Teacher of the Year

I love Facebook. Me gusta mucho Facebook. J’adore Facebook!

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That might sound strange if you’ve barricaded yourself against the election year zombie virus infecting your friends. Hide your brains, and enjoy this laugh if you have a strong stomach.

I am grateful for the way social media connects me with friends who inspire me, entertain me and pray. Friday night, I watched one friend play the blues from 1,000 miles away. Saturday night, an amiga I haven’t seen in 15 years posted a prayer request.


Three hours on the phone wasn’t enough. We must talk more often. Sunday morning, my Bible reading reinforced something we’d discussed, so I’m passing it on to you.

James 1 ESV3You know that the testing of your faith produces steadfastness. 4And let steadfastness have its full effect, so that you may be perfect and complete, lacking in nothing.”

My friend’s tear-stained post had asked, “When your heart is broken over and over, how do you know when it’s safe to hope again?” There is an educational style called “Experiential Learning.” The idea is that we learn best by experience. Would you be able to ride a bicycle if someone had handed you a manual? No, you were pushed. You were pushed by someone who probably loved you, but you ended up on the ground. With your knees still stinging, they pushed you again. To an observer (or a 6-year-old with tender knees) this might have seemed cruel. Today, if you haven’t been on a bike in years, you could grab those handlebars and pedal with a mere moment of wobble. The lesson lasts.

A good teacher is always trying to implement this brain-changing technique. It can be a challenge if the lesson is on taxes or spelling, but we want our students to retain and use what they’re learning. God has been Teacher of the Year forEVER.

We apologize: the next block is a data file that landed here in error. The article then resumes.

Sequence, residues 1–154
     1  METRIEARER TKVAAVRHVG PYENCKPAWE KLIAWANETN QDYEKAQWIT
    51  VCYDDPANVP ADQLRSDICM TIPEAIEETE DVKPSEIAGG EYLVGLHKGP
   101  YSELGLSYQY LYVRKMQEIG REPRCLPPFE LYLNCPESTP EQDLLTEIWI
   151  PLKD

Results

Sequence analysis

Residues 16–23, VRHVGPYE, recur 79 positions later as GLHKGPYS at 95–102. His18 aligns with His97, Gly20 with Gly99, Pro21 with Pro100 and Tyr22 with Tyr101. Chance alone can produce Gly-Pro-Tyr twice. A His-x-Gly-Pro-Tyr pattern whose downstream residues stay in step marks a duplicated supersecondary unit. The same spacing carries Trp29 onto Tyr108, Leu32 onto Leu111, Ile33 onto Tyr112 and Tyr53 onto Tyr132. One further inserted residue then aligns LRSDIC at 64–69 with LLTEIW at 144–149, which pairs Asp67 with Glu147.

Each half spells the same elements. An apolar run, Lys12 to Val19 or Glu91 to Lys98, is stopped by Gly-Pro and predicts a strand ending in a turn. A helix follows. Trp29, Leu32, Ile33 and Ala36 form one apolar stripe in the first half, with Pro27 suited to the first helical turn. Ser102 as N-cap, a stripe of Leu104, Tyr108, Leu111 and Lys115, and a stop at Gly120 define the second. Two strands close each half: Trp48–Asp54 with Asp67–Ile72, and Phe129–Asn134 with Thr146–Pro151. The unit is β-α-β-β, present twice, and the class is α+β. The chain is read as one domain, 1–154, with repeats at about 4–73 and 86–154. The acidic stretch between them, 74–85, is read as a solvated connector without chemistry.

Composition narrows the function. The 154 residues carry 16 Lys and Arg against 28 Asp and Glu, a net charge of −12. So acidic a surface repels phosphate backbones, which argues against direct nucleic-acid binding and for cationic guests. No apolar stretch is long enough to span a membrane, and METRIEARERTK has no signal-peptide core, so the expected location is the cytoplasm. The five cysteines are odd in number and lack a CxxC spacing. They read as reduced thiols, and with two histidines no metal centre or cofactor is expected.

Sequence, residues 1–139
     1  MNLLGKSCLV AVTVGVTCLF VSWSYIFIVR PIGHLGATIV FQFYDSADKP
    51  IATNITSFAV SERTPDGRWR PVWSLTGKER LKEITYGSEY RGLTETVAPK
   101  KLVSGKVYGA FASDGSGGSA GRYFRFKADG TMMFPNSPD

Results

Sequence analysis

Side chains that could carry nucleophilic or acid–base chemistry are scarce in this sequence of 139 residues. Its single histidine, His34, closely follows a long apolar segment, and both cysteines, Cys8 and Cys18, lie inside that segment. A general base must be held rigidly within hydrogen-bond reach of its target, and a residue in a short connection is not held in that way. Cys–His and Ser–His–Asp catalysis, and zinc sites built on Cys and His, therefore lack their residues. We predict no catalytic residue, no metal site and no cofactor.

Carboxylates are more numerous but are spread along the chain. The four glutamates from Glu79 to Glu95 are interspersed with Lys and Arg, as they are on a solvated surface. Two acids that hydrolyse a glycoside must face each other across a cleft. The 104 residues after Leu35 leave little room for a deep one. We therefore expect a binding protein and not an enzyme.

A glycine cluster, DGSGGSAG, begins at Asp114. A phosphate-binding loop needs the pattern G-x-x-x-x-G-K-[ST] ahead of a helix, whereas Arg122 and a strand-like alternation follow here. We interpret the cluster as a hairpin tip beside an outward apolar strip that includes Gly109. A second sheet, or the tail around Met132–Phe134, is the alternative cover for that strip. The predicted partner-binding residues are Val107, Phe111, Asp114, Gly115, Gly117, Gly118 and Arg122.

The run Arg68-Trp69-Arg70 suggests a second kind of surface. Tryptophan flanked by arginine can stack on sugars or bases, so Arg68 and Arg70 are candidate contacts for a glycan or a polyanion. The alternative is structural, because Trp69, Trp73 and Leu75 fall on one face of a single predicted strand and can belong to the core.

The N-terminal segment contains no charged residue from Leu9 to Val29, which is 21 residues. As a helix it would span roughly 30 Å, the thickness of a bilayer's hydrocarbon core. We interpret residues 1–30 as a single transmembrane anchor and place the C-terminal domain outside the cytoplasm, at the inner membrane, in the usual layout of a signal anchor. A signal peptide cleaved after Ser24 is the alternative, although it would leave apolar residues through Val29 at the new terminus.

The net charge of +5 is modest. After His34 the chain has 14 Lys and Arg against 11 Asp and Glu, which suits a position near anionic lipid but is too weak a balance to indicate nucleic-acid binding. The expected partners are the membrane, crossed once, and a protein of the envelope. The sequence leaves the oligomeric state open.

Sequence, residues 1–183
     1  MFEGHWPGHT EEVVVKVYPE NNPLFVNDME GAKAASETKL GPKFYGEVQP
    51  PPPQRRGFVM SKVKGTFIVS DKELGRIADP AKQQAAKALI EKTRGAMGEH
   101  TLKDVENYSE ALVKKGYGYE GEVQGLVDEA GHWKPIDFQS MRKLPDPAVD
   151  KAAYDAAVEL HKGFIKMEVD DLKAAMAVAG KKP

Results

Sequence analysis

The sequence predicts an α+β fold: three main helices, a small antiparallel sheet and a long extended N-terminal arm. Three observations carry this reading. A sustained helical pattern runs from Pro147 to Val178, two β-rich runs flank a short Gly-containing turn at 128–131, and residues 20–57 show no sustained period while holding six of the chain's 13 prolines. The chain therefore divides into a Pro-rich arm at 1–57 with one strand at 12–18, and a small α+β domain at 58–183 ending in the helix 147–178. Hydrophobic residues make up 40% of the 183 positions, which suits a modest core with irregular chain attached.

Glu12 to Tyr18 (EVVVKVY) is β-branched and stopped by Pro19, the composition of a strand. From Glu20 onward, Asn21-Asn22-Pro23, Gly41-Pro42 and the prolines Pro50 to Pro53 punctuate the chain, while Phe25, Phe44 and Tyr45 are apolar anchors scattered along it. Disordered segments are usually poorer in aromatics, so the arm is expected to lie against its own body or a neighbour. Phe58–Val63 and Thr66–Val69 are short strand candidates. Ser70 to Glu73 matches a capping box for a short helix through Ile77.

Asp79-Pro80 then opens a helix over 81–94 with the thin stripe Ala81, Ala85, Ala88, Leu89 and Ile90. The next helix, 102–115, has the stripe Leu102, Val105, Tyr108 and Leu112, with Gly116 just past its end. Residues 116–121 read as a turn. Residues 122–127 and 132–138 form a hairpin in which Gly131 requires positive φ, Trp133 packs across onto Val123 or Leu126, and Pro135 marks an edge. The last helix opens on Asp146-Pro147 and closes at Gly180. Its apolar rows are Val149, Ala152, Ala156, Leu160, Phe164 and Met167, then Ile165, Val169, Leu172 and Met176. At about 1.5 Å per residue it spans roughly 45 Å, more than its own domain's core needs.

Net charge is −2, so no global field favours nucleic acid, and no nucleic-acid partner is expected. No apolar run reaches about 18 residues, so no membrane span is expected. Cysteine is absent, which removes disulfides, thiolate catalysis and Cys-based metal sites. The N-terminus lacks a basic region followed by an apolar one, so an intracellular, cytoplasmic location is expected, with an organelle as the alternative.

With that in mind, my friend described what she was going through. We pondered whether suffering the same heartache time and again might be a sign of important training. If the lesson didn’t matter, the Teacher wouldn’t keep reviewing it. In The Art of Changing the Brain, James Zull says, “Even if we experience something that has happened to us before, it is hard to make meaning of it unless it engages our emotions.” God knows that. He made us that way. Experiential learning requires us to cooperate—to try, reflect and try again. If heartache leaves me wondering when it’s safe to hope again, I should examine where I’m placing my hope. If I have a dream I want to come true, do I need everyone to love it? No. I need to reach the people the dream will help. Others can love what’s in their own hearts. Do I wish that certain people loved my idea? What makes them important? Is there truly no way to accomplish this without them? Am I wrapping my dream around an unresponsive tree and tugging? Can I release others of the pressure to come with me, so I can run free with my flag held high?


When I stop depending on someone and start doing what I love, I may be surprised to see them run to catch up to me. Even when they don’t, if I am meeting a need, I am never alone.

I’m excited to watch my friend’s dream unfold.

God isn’t mean. He knows how awesome it feels to have the wind in your hair and explore the countryside, so He’s not afraid to push your bike a few times. In her book Reflection in Learning and Professional Development, Jennifer Moon seems to describe God’s method exactly. She says teachers should use tasks which encourage reflection. Those tasks involve:

  • – Messy, real-life situations
  • – Asking questions for which there aren’t always clear-cut answers
  • – Challenging the learner to integrate new learning with old
  • – Feedback

So many times, we fall to our knees howling “Why!” We doubt the importance of the lesson, the love of our Teacher, the goodness of others or our own common sense. In order to learn well, it’s good to question our common sense. We might need to examine our How and Why and When. But if we wake every day asking God to lead us, and the days start feeling like Groundhog Day, let’s ask God to show us what this lesson is about. “Let steadfastness have its full effect, so that you may be perfect and complete, lacking in nothing.” James continues with the verse upon which my company, 1 Moment Wiser LLC, is founded:

James 1: 5 NIV If any of you lacks wisdom, you should ask God, who gives generously to all without finding fault, and it will be given to you.

What are you waiting for? Ask.




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